China: Through the Looking Glass at The Met – where fantasy meets reality

china 3 The Metropolitan Museum of Art’s new clothing exhibit is BIG – nearly three times bigger than any previous clothing exhibition. If you were bored, as I was, at last year’s Charles James exhibit, this year’s China: Through the Looking Glass will not disappoint.  This show funded by “Chinese donors” doesn’t delve into the reasons designers have always been fascinated with Chinese design and culture (The Met clearly states that “the exhibit is not as much about China as it is about the fantasy of China”) rather it celebrates the beauty of Chinese art and design from antiquity and looks at its influence on modern fashion.

The show was curated in conjunction with the Department of Asian Art.China1 Filmmaker Wong Kar-wai was enlisted as the artistic director and he uses lighting, music and film to dramatically create a mood. The clothing is presented not in a gallery of its own but in the Asian galleries. The pieces are organized by themes: for example, blue/white porcelain, opium,  the qipao (the traditional Chinese dress) and calligraphy. What I found most astonishing was the juxtaposition of 18th century clothing to that from 20th century. Western designers clearly have a fascination with the East and dresses by Alexander McQueen, John Galliano for Dior, Jean-Paul Gaultier, Yves Saint-Laurent, to name just a few, will leave you breathless.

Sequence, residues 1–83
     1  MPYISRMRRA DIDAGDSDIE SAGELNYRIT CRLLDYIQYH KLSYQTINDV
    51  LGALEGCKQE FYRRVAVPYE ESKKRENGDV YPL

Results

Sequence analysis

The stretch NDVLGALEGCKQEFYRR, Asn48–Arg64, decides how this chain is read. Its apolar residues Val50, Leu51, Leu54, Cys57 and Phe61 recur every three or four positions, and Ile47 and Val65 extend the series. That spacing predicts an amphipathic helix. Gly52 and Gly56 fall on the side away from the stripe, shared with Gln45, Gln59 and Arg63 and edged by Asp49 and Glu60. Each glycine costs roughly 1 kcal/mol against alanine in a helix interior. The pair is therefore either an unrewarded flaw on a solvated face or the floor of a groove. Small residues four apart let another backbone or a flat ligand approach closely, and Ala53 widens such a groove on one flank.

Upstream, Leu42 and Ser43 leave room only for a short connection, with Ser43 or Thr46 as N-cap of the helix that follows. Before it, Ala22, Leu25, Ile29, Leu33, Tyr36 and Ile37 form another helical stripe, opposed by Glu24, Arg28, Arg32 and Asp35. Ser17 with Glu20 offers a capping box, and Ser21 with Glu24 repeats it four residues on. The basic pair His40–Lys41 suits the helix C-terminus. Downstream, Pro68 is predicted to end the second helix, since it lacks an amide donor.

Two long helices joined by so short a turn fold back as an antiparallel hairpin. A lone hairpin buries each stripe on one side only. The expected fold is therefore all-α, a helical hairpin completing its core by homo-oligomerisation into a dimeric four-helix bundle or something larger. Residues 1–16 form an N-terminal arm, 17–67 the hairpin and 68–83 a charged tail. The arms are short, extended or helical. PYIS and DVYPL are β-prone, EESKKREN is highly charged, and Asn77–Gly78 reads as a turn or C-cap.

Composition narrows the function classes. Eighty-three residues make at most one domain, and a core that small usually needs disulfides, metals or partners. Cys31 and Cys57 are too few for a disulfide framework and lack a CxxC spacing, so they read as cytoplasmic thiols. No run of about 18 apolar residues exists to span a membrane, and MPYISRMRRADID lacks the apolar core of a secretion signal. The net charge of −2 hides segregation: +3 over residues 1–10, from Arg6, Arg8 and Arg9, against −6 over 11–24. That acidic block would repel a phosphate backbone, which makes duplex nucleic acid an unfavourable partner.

China 2It’s no secret that the Chinese are interested in art – as seen in recent sales at Sotheby’s and Christie’s – so it’s no surprise that The Met may be kowtowing to the Chinese hoping for continued support. But whatever the reason, this season’s China: Through the Looking Glass is a visual extravaganza. My advice is to plan on going sooner than later because when word gets out this has the potential of being a blockbuster show. LAR

China: Through the Looking Glass, The Metropolitan Museum of Art, 1000 Fifth Avenue

Tickets price: $25 (recommended amount – only pay what you wish)

Runs thru: August 16, 2015


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